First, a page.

Learning bisimulation




Shenkenfelder, Warren

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Computational learning theory is a branch of theoretical computer science that re-imagines the role of an algorithm from an agent of computation to an agent of learning. The operations of computers become those of the human mind; an important step towards illuminating the limitations of artificial intelligence. The central difference between a learning algorithm and a traditional algorithm is that the learner has access to an oracle who, in constant time, can answer queries about that to be learned. Normally an algorithm would have to discover such information on its own accord. This subtle change in how we model problem solving results in changes in the computational complexity of some classic problems; allowing us to re-examine them in a new light. Specifically two known result are examined: one positive, one negative. It is know that one can efficiently learn Deterministic Finite Automatons with queries, not so of Non-Deterministic Finite Automatons. We generalize these Automatons into Labeled Transition Systems and attempt to learn them using a stronger query.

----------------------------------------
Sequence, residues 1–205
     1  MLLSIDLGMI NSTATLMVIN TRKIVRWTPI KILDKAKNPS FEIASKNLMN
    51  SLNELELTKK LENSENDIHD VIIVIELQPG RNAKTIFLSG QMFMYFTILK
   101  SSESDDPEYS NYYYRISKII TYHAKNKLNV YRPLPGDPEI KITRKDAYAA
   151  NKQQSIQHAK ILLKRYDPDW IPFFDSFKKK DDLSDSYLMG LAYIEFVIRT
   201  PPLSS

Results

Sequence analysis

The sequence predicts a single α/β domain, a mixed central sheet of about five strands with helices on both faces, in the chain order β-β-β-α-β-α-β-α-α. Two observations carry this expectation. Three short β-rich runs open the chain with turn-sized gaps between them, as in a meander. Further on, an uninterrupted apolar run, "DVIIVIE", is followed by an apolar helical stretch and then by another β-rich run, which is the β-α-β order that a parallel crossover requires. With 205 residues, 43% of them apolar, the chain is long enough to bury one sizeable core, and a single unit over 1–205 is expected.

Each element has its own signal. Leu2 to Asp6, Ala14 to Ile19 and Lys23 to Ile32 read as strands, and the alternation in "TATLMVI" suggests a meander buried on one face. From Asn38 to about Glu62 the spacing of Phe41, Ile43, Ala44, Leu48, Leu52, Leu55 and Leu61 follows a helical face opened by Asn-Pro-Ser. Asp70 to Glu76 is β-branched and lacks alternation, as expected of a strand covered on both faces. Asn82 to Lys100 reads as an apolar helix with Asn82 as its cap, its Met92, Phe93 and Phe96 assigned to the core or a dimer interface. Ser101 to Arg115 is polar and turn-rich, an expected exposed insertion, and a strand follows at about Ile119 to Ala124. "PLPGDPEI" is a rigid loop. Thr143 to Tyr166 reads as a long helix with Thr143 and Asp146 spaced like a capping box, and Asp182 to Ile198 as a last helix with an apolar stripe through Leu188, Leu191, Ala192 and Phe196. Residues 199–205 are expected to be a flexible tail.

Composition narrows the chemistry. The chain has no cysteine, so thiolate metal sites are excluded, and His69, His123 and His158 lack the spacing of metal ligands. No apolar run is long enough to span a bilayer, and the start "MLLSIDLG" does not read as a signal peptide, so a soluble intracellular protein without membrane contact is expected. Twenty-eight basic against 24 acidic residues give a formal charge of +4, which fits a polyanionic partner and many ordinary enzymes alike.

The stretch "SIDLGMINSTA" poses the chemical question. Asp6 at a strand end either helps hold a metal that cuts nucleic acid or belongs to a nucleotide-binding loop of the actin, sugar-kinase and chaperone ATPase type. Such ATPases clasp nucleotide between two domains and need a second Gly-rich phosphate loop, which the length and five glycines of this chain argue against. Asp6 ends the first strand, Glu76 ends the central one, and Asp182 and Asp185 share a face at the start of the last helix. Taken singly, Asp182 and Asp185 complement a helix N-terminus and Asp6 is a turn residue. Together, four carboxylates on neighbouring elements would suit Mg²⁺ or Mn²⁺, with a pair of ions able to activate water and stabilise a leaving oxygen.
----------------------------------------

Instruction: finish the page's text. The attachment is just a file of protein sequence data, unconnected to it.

Learning Theory, Angluin's Algorithm, Labelled Transition Systems, hennessy milner logic, Reconstructing graphs, learning algorithm